Through meteorological and propagation measurements, RED achieved a number of its objectives. First, although we did not experience the desired conditions of simultaneous high seas, high winds, and large surface gradients of temperature and humidity necessary to significantly affect the evaporation duct, observations verify that waves do modify the scalars within the air–sea surface layer. Second, an intriguing and controversial result is the lack of agreement of the scalar profile constants with those typically observed over land. Finally, as expected for the conditions encountered during RED (trade wind, moderate seas, unstable), we show that the Monin–Obukhov similarity theory, combined with high-quality meteorological measurements, can be used by propagation models to accurately predict microwave signal levels.

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Qing Wang, Denny P. Alappattu, Stephanie Billingsley, Byron Blomquist, Robert J. Burkholder, Adam J. Christman, Edward D. Creegan, Tony de Paolo, Daniel P. Eleuterio, Harindra Joseph S. Fernando, Kyle B. Franklin, Andrey A. Grachev, Tracy Haack, Thomas R. Hanley, Christopher M. Hocut, Teddy R. Holt, Kate Horgan, Haflidi H. Jonsson, Robert A. Hale, John A. Kalogiros, Djamal Khelif, Laura S. Leo, Richard J. Lind, Iossif Lozovatsky, Jesus Planella-Morato, Swagato Mukherjee, Wendell A. Nuss, Jonathan Pozderac, L. Ted Rogers, Ivan Savelyev, Dana K. Savidge, R. Kipp Shearman, Lian Shen, Eric Terrill, A. Marcela Ulate, Qi Wang, R. Travis Wendt, Russell Wiss, Roy K. Woods, Luyao Xu, Ryan T. Yamaguchi, and Caglar Yardim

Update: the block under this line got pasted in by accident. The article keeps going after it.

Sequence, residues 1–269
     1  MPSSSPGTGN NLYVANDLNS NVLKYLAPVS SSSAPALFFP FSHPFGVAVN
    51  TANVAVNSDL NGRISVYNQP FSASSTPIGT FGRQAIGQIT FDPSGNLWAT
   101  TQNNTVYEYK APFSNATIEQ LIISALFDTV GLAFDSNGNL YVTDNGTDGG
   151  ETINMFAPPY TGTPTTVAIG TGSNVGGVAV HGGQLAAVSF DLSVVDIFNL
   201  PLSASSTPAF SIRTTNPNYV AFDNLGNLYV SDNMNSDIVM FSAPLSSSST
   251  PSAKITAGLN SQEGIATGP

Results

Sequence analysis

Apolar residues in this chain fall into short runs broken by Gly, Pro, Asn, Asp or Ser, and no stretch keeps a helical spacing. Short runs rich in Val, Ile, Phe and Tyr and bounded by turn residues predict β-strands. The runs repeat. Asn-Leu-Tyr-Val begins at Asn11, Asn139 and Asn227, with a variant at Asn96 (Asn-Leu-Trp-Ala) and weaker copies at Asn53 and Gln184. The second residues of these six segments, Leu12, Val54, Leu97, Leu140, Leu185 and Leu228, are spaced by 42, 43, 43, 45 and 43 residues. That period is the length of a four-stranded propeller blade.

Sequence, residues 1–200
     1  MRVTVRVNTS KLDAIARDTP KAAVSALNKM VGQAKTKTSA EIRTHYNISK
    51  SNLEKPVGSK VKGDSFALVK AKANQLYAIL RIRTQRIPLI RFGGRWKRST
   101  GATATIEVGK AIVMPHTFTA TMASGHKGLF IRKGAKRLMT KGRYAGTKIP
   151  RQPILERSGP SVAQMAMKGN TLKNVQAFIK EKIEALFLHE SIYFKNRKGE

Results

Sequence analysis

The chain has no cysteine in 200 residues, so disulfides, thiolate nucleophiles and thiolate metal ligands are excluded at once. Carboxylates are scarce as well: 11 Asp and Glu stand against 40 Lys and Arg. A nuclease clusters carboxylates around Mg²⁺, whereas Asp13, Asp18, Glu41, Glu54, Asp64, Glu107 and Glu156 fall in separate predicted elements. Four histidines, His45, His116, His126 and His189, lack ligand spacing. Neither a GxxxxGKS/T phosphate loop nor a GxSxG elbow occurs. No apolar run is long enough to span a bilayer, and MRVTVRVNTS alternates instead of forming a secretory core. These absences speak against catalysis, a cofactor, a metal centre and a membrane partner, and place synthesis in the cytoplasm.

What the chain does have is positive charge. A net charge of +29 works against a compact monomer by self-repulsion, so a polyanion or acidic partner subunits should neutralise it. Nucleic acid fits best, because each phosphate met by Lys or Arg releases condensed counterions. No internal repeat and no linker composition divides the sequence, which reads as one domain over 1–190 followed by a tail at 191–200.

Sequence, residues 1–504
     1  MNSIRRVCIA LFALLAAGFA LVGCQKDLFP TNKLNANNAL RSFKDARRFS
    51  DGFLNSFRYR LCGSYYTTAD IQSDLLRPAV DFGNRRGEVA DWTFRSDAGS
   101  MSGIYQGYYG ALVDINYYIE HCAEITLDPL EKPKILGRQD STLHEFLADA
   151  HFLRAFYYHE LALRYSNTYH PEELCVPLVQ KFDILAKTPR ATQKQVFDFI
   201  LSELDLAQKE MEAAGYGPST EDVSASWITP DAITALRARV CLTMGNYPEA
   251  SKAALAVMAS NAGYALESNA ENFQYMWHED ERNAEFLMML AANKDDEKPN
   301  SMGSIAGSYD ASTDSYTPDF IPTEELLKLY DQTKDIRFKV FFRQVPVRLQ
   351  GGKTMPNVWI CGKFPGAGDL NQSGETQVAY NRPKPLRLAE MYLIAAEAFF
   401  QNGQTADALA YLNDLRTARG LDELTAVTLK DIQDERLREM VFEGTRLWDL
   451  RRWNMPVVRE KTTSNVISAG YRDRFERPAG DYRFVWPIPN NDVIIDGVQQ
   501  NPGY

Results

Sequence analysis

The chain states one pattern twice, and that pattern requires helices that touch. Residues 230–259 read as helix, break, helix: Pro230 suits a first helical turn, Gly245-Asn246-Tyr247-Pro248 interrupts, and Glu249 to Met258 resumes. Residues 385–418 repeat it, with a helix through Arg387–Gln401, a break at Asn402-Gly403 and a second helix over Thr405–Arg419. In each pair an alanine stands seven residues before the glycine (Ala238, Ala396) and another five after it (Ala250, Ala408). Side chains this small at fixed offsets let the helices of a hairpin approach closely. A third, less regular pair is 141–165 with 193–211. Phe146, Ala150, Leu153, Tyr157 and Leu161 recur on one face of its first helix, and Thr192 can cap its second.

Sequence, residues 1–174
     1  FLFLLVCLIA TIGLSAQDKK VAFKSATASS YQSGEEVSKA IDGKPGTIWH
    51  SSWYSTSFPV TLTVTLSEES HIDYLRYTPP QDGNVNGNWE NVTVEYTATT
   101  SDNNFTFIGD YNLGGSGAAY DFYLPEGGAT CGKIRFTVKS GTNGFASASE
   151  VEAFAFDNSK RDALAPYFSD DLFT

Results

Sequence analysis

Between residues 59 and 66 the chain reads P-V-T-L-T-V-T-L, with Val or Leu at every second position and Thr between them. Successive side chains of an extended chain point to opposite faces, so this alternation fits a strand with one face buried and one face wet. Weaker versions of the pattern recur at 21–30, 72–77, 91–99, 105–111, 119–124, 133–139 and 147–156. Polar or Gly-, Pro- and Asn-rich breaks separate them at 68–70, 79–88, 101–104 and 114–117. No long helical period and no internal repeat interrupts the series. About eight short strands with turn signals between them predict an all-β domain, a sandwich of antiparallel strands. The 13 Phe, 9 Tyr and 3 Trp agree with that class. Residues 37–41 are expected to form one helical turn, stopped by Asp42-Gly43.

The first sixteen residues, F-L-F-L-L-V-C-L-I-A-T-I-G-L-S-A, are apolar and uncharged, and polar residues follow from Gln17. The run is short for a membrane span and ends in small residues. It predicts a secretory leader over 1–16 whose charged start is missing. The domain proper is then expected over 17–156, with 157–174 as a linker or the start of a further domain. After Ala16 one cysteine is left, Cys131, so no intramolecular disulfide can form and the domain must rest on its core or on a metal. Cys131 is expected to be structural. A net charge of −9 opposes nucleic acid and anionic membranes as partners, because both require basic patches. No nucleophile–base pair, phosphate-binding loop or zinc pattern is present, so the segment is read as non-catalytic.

The Coupled Air–Sea Processes and Electromagnetic Ducting Research (CASPER) project aims to better quantify atmospheric effects on the propagation of radar and communication signals in the marine environment. Such effects are associated with vertical gradients of temperature and water vapor in the marine atmospheric surface layer (MASL) and in the capping inversion of the marine atmospheric boundary layer (MABL), as well as the horizontal variations of these vertical gradients. CASPER field measurements emphasized simultaneous characterization of electromagnetic (EM) wave propagation, the propagation environment, and the physical processes that gave rise to the measured refractivity conditions. CASPER modeling efforts utilized state-of-the-art large-eddy simulations (LESs) with a dynamically coupled MASL and phase-resolved ocean surface waves. CASPER-East was the first of two planned field campaigns, conducted in October and November 2015 offshore of Duck, North Carolina. This article highlights the scientific motivations and objectives of CASPER and provides an overview of the CASPER-East field campaign. The CASPER-East sampling strategy enabled us to obtain EM wave propagation loss as well as concurrent environmental refractive conditions along the propagation path. This article highlights the initial results from this sampling strategy showing the range-dependent propagation loss, the atmospheric and upper-oceanic variability along the propagation range, and the MASL thermodynamic profiles measured during CASPER-East.